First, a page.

Which cells produce HCl produced in the stomach? Or is HCl produced due to the translation of proteins. Don't these cells get destroyed by HCl?
Since your first question is a quite basic one (the answer is oxyntic cells) and asking two or more questions in the same post is a reason to close ("Avoid asking multiple distinct questions at once"), I'll address only your second question:
[Why] don't these [oxyntic] cells get destroyed by HCl?
First, it's important to understand that oxyntic cells (from the greek ὀξύς, meaning "sharp" or "acid") do not produce HCl. They actually secrete two separate ions, Cl− and H+ (and, since HCL is a strong acid, one can say that technically there is — almost — no HCL in the lumen, because the ions keep dissociated).
You can find this in any physiology book, but there is a good explanation of the steps in Scientific American (2017):
- Potassium ions, K+, diffuse passively from the parietal cell into the lumen.
- An active transport pump brings K+ back into the parietal cell, simultaneously secreting H+ from the cell to the lumen. As much K+ returns by this route as leaks in (1).
- Chloride ions, Cl−, diffuse passively from the cell to the lumen, and their negative charges balance the positive charges of the secreted H+.
- An exchanger on the opposite face of the parietal cell balances this loss of Cl− by importing Cl− from the blood in exchange for bicarbonate ions (HCO3−).
- Within the cell, water reacts with carbon dioxide (CO2) to form carbonic acid (H2CO3), which dissociates into H+ and HCO3−.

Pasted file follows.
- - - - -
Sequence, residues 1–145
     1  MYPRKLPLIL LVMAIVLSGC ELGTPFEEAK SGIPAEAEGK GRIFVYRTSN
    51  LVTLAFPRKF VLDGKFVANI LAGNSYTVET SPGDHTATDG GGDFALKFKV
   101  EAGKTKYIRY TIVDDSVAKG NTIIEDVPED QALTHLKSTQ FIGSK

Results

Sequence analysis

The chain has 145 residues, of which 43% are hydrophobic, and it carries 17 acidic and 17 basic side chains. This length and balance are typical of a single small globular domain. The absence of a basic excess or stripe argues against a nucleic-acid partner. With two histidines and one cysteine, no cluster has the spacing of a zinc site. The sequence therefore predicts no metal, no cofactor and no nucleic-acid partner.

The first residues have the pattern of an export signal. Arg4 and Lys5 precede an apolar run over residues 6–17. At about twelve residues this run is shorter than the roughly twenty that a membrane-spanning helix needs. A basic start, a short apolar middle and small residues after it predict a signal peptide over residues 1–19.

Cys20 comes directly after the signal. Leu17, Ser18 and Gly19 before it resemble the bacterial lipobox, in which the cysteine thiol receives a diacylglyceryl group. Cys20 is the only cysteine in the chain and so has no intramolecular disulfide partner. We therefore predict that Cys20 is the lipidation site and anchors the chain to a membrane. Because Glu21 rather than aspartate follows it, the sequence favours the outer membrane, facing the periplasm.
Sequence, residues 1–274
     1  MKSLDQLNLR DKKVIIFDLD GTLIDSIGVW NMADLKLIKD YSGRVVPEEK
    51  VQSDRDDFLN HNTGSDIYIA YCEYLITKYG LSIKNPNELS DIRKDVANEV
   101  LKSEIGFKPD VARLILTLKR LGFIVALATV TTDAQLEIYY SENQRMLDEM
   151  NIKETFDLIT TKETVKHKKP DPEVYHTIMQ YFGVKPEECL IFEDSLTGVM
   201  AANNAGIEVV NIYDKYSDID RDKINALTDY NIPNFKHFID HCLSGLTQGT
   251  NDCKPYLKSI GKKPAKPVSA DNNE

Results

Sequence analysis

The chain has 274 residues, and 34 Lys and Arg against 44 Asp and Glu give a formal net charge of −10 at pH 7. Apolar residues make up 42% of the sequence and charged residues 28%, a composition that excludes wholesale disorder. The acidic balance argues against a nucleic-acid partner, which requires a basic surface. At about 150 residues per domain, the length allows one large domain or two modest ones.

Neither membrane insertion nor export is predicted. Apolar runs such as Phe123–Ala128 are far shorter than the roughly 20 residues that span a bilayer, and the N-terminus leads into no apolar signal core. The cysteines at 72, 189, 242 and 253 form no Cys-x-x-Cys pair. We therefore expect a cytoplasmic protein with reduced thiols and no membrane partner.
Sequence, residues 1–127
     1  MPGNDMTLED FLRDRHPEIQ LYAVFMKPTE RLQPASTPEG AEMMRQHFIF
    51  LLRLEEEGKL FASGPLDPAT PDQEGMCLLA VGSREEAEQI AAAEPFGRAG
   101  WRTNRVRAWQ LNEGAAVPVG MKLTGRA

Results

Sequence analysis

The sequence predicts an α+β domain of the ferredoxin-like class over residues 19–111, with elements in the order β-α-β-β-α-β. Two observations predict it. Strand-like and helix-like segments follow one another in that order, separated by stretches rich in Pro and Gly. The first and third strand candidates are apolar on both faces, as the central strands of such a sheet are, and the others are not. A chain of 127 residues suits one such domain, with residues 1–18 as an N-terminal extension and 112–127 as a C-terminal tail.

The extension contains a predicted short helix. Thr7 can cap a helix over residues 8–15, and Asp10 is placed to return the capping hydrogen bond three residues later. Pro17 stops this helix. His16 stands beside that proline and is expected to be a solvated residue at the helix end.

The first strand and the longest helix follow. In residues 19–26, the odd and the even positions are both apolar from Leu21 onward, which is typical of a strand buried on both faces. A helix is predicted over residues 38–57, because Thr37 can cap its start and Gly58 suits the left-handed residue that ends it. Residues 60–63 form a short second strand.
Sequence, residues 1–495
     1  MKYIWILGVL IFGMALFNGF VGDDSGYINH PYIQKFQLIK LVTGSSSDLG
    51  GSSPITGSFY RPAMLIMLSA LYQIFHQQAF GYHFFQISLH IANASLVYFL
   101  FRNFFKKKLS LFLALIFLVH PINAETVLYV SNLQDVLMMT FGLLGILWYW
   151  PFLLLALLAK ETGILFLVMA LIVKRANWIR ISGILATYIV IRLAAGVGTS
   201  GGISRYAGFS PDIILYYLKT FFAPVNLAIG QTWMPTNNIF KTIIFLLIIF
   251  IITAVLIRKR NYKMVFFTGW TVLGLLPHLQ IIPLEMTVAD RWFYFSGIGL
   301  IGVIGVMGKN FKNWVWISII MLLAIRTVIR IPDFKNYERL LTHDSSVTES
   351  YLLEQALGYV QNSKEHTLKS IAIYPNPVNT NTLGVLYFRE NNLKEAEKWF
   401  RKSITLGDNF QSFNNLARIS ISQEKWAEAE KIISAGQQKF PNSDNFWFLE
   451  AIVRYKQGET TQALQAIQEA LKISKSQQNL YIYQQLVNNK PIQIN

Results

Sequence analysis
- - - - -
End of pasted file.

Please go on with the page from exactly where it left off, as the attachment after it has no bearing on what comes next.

This image from Lodish (2000) summarises it very well:
Of course, the important factor in lowering the pH (and in eventually killing the oxyntic cell) is the H+ concentration, not the Cl− one. Regarding that, it's worth mentioning that, despite the H+ concentration in the lumen keeps rising, cytoplasmic H+ concentration is never as high as the luminal one, because H+ is being pumped out of the cell.
Second, why don't the HCl (actually Cl− and H+, as explained above) already present in the lumen destroy the mucosa? The answer is the mucus layer.
Still according Scientific American (2017):
HCl in the lumen doesn't digest the mucosa because goblet cells in the mucosa secrete large quantities of protective mucus that line the mucosal surface. Basic electrolytes, such as HCO3−, trapped inside the layer of mucus neutralize any HCl that penetrates the mucus.
By the way, a similar mechanism explains why doesn't the lysosome has its membrane destroyed by the enzymes it contains.
- Lodish, H. (2000). Molecular cell biology. New York: Scientific American Books.
- Scientific American. (2017). Why don't our digestive acids corrode our stomach linings?. [online] Available at: https://www.scientificamerican.com/article/why-dont-our-digestive-ac/ [Accessed 30 Jul. 2017].